Jimmie Dale sank into a deeper reverie. He could steal them all right, and they would be well worth the stealing—old Luddy had done well, and lived and existed on next to nothing—the stones, she said, were worth about fifteen thousand dollars. Not so bad, even for twenty-five years of vegetable selling from a pushcart! He could steal them all right; it would tax the Gray Seal’s ingenuity little to do so simple a thing as that, but that was not all, nor, indeed, hardly a factor in it—it was vital that if he were to succeed at all he must steal them publicly, as it were.
And after that—what? His own chances were pretty slim at best. Jimmie Dale, staring at the grayness of the subway wall through the window, shook his head slowly—then, with a queer little philosophical shrug of his shoulders, he smiled gravely, seriously. It was all a part of the game, all a part of the life—of the Gray Seal!
It was half-past twelve, or a little later, as nearly as he could judge, for Larry the Bat carried no such ornate thing in evidence as a watch, as he halted at the corner of a dark, squalid street in the lower East Side. It was a miserable locality—in daylight humming with a cosmopolitan hive of pitiful humans dragging out as best they could an intolerable existence, a locality peopled with every nationality on earth, their community of interest the struggle to maintain life at the lowest possible expenditure, where necessity even was pared and shaved down to a minimum; but now, at night time, or rather in the early-morning hours, the darkness, in very mercy, it seemed, covered it with a veil, as it were, and in the quiet that hung over it now hid the bald, the hideous, aye, and the piteous, too, from view.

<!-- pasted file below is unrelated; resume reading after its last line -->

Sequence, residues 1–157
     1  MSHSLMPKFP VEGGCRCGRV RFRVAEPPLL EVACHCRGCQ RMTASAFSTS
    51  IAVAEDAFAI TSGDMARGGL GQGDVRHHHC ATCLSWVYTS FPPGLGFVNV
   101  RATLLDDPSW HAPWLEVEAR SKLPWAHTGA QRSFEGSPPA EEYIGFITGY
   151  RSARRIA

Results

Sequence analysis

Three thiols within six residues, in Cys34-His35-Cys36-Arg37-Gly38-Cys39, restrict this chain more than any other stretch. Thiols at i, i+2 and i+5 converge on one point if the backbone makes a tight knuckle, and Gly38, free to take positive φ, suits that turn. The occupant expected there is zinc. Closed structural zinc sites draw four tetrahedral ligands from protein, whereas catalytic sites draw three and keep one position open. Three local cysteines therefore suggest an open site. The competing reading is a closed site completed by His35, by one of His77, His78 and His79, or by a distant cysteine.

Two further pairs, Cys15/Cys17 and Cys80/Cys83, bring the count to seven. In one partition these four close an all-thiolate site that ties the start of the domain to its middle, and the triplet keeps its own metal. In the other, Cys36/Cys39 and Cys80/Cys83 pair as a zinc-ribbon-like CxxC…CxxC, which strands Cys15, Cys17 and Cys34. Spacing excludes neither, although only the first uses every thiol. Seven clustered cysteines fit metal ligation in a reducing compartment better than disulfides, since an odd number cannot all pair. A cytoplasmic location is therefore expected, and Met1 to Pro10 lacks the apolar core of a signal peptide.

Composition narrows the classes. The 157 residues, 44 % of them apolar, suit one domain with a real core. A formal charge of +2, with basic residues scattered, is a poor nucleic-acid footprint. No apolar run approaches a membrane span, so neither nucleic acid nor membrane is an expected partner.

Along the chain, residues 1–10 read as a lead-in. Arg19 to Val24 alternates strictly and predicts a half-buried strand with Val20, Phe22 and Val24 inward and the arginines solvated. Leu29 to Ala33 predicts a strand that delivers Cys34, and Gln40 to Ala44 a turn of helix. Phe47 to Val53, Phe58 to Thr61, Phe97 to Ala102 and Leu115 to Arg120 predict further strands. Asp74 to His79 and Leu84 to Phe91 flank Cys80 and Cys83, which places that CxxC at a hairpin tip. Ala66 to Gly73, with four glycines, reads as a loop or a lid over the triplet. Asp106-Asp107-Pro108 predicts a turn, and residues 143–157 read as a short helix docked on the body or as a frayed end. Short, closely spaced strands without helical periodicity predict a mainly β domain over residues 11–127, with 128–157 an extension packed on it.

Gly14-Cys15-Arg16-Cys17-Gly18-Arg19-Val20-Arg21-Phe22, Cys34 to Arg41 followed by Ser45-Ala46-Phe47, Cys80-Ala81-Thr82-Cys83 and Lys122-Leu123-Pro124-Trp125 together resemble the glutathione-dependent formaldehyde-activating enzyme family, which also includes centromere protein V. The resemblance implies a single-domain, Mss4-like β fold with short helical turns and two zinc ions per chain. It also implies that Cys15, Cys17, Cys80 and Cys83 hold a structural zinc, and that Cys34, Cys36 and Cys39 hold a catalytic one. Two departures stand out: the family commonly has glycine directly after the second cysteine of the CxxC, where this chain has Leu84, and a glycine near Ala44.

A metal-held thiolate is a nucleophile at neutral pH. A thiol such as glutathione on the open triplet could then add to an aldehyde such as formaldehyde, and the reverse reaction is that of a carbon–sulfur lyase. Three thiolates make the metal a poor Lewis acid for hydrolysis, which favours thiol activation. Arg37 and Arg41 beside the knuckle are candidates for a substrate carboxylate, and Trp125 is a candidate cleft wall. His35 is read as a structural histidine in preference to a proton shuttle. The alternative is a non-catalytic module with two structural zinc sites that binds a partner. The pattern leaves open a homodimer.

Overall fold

It was a narrow street, and the row of tenement houses, each house almost identical with its neighbour, that flanked the pavement on either side, seemed, from where Jimmie Dale stood looking down its length, from the corner, to converge together at a point a little way beyond, giving it an unreal, ominous, cavernlike effect. And, too, there seemed something ominous even in its quiet. It was as though one sensed acutely the crouching of some Thing in its lair—waiting silently, viciously, with sullen patience.
A footstep sounded—another. Jimmie Dale drew quickly back around the corner into an areaway. Two men passed—in helmets—swinging their nightsticks—that beat was always policed in pairs!
They passed on, turned the corner, and went down the narrow cross street that Jimmie Dale had just been inspecting. He started to follow—and drew back again abruptly. A form flitted suddenly across the road and disappeared in the darkness in the officers’ wake—ten yards behind the first another followed—at the same interval of distance still another—and yet still one more—four in all.
The darkness hid all six, the two policemen, the four men behind them—the only sounds were the officers’ footsteps dying away in the distance.